Ask GR Anything is a weekly Q&A column that answers questions submitted by readers (as well as questions we're particularly curious about ourselves). Got a burning question about games or the industry? Ask us in the comments below and you may just get it answered!
Save for online games, arcade games and Dark Souls, just about every game that’s ever existed has included a truly brilliant feature that we all take for granted every single day. The ability to freeze the action in place seems like a given at this point, but do most gamers actually know what’s happening when all the action in a blockbuster shooter suddenly stops and starts on command?
Last week, reader TehWise asked, “What is really the ‘pause’ in a game?” Which we’re choosing to interpret as “How does pausing work in a game?” We at GamesRadar feel a compulsory need to pay homage to this most sacred of gaming features, which has allowed us time to make countless sandwiches, and countless bathroom trips. And so we’ve selected this question as the topic for this week’s column.
To answer it, we got in touch with an indie designer and programmer in hopes he could fill us in. “Games and applications at their core level are effectively state machines,” said Martin Caine of Retroburn Game Studios, which makes games for Xbox Live Indie Games, Windows Phone, iPhone and Android platforms. “At any particular time, your game is running in a particular state. The game logic will continue executing while the game is in a certain state. When you pause the game, you are changing the state of the game and the logic behind the game can carry out other tasks.”
Caine explained that the act of pausing is about instructing the software to stop processing new information. All information flow is stopped and diverted to the menu that pops up. “Pausing is a very simple state to implement. In its most basic form, you would have a game state which shows a paused screen, and the logic on that screen waits for a user input before returning back to the previous game state,” said Caine. “When switching states, your game simply stops executing and processing input (and stops AI and other things that happen in your game's update loop) while a new screen shows on top. Resuming the game simply returns to the previous state and continues executing from the point where you stopped.”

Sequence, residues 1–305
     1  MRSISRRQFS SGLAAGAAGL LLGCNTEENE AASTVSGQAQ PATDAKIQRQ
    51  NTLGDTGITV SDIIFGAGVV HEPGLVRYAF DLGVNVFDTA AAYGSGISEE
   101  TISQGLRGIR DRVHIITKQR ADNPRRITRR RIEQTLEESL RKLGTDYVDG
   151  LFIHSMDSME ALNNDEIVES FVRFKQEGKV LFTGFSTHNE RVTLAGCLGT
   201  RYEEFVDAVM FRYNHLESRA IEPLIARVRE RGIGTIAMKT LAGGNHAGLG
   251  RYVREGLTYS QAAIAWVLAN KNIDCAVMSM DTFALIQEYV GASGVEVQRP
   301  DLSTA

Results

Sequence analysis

So no matter what you’re doing, pausing will cause the game to freeze up. Even if you’re in mid-air, the computer won’t be able to process the animation of your character falling. However, some games have had more complex pause systems, which prevent players from pausing in certain situations, such as being in combat or mid-jump.
You’ll also see that in other games that would be broken by giving the player so much power over the state of the game. (Or in online games, where the ability to pause would simply be too obnoxious a tool to trust griefing 13-year-olds with. Though some online games, like StarCraft II, allow limited pausing.) Dark Souls, on the other hand, is a great example of a game that revoked the ability to pause as a gameplay tool in order to heighten fear and uneasiness.
Above: Dark Souls doesn't allow you to pause because that would be somewhat merciful... and Dark Souls doesn't deal in mercy
“At the lowest level, you have your update loop, which may call functions such as HandleUserInput(), ProcessAI(), UpdateWorld() and Draw(),” said Caine. “When paused, the state is changed, and these functions do not get called, so the game will not update until you return back to the game state.”
In other words, it’s a bit like taking the chain off the gears of a bicycle. You can keep pedaling (or pressing buttons) all you want, but the game/bike isn’t going to respond to your input. It’s not a perfect example, but you get the idea.
So the next time you’ve got to take a pee break, take a moment and appreciate that somebody had to actually program the function that allows you to take a wiz.
Thanks to Martin Caine of Retroburn Game Studios for helping us out with this week's question. You can check out his upcoming Xbox Live Indie Game Positron at the studio's official website.
Submit your own questions in the comments (or Tweet them to @sciencegroen) and we may tackle them for a future Ask GR Anything.
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